Life at the Restoration court was a welcome change from previous years of puritanical restraint. Vibrant, colorful and gay, the new court was both intellectually and sensually stimulating. Although Charles left many of the political matters in the hands of his capable chancellor, Edward Hyde, earl of Clarendon, he did not abandon his kingly duties. A primary concern, of course, was to find the king a suitable wife. Royal marriages were based on political rather than emotional concerns, and by 1662 it had been decided that the king would marry the Portuguese princess, Catherine of Braganza . A new wife did not mean that Charles would give up Lady Castlemaine, however, and when Catherine arrived in England on May 13, 1662, the king did not go out to greet her but spent the evening with Villiers instead.
Palmer, Anne (1661–1722)
Countess of Sussex . Name variations: Lady Dacre; Anne Lennard. Born in February 1661; died in 1722; daughter of Barbara Villiers (c. 1641–1709) and probably Charles II, king of England; married Thomas Lennard, Lord Dacre, in 1674, who was created earl of Sussex in 1684 (died 1715).
King Charles II was probably the father of Barbara Villiers ' first child, Anne, though, at the time, the paternity was also attributed to one of Barbara's earliest reputed lovers, Philip Stanhope, 2nd earl of Chesterfield (1633–1713).
Charles, Barbara's second child with the king, was born in June 1662. Once again, however, Roger Palmer acknowledged the child as his own and, having recently converted to Catholicism, had him baptized according to Roman Catholic rites. This action gave Villiers the pretext she needed to leave her husband officially, and, from this point on, they rarely saw one another. Charles II, on the other hand, was endeavoring to keep Barbara even closer to him by arranging her appointment as lady-in-waiting to Queen Catherine. Although homesick and isolated, Catherine of Braganza had fallen in love with her husband and refused his request to have the royal mistress in her presence. Charles retaliated by sending the majority of Catherine's Portuguese servants back home. The king's resolve in this matter, and his loyalty to Villiers, was unshakable. When he learned that Chancellor Clarendon was in favor of blocking Barbara's appointment, he is recorded as having said: "I am resolved to go through with this matter, let what will come on it. Whosoever I find to be my Lady Castlemaine's enemy in this matter, I do promise, upon my word, to be his enemy as long as I live." By August, two distinct factions had formed, one which supported the queen, the other Lady Castlemaine. Nevertheless, the opposition underestimated both Villiers' intelligence and her influence with the king. Two months after the issue arose, Barbara was given official lodgings at Whitehall and a position in the queen's household. Her rooms soon became the center of opposition against Clarendon.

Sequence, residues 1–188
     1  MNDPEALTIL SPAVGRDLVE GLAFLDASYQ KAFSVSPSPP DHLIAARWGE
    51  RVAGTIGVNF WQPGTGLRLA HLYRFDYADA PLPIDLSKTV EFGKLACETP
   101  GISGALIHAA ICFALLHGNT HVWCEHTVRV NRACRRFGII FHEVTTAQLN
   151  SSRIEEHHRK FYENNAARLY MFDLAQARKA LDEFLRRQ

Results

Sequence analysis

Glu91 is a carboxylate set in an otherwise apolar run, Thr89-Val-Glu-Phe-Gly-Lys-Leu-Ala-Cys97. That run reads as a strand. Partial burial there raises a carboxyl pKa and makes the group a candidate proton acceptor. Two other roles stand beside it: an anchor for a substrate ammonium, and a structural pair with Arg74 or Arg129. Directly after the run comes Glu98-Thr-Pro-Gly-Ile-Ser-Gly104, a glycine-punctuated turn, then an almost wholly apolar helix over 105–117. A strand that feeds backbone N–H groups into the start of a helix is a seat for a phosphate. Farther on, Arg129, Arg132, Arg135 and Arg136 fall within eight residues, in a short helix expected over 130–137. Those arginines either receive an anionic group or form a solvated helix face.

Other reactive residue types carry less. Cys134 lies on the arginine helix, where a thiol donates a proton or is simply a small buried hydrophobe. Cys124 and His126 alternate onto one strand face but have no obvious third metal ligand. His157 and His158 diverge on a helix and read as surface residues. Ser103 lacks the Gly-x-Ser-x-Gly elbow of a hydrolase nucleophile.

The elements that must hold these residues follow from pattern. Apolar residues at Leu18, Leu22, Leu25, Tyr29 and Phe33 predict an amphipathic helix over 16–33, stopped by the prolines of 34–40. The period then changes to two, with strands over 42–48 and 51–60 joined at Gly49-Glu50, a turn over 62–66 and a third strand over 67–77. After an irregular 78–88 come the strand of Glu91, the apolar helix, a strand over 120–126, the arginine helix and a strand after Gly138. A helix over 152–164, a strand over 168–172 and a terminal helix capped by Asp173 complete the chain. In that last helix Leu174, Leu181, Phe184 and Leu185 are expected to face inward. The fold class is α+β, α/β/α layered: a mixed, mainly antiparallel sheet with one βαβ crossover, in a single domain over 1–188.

By 1663, rumors were circulating that not only was Lady Castlemaine supplanted in the king's affections by a new mistress but that she had taken a new lover herself. It is difficult to prove whether or not these rumors were true, and Barbara's birth of a third child (Henry) with the king in September and the lavish gifts he presented to her at Christmas suggests that they were false. Her conversion to Catholicism in December 1663 may have been an attempt to consolidate her position in the king's circle because many of his closest friends were secret Catholics. Regardless of her motivations, she maintained both her faith and her status as the official mistress of the king and, with him, gave birth to another child, Charlotte Fitzroy (1664–1717).
In 1665, when the plague was raging in London, Villiers traveled with the royal court to Salisbury and Oxford. Despite public criticism, her position at court remained strong. Her influence was recognized by the French king, Louis XIV, who ordered his ambassador to coax as many state secrets from Lady Castlemaine as possible. Unfortunately, the ambassador's attempts in this regard were never rewarded.
In December 1665, Barbara gave birth to George, her fifth and last child with the king. Charles II was preoccupied with foreign affairs, most notably a naval war with the Dutch. The Anglo-Dutch war continued for two years and signaled the end of Villiers' chief political rival, the earl of Clarendon, who took the blame for this unpopular war. While it is difficult to determine whether or not she played an active role in securing the chancellor's downfall, she was, nevertheless, pleased when he was finally removed from office in 1667. Charles II, however, was in no hurry to appoint a successor and remained without a chief minister for several years after Clarendon's fall.
Villiers' position remained secure even when she learned that the king's attentions had now turned to actresses. Realizing that she would have to share her royal lover with other women, Lady Castlemaine continued to hold a powerful sway over the king. Public criticism against her position, however, continued. In April 1668, an anonymous pamphlet entitled "The Poor Whores' Petition" circulated throughout London. Addressed to Lady Castlemaine, it asked for her protection since she was "one of us." A few days later, an anonymous "answer" to the petition was written. As a means of publicly acknowledging his regard for her, and in an obvious, if futile, attempt to sway public opinion, Charles gave Villiers an annual pension of £4,700 as well as a large house across from St. James's Palace. She lived there for two years with her three youngest children during which time the king visited her every day.
Her achievement had been impressive, for at a time when women had few opportunities for advancement she had succeeded in winning herself a fortune, a title, and independence by the age of thirty.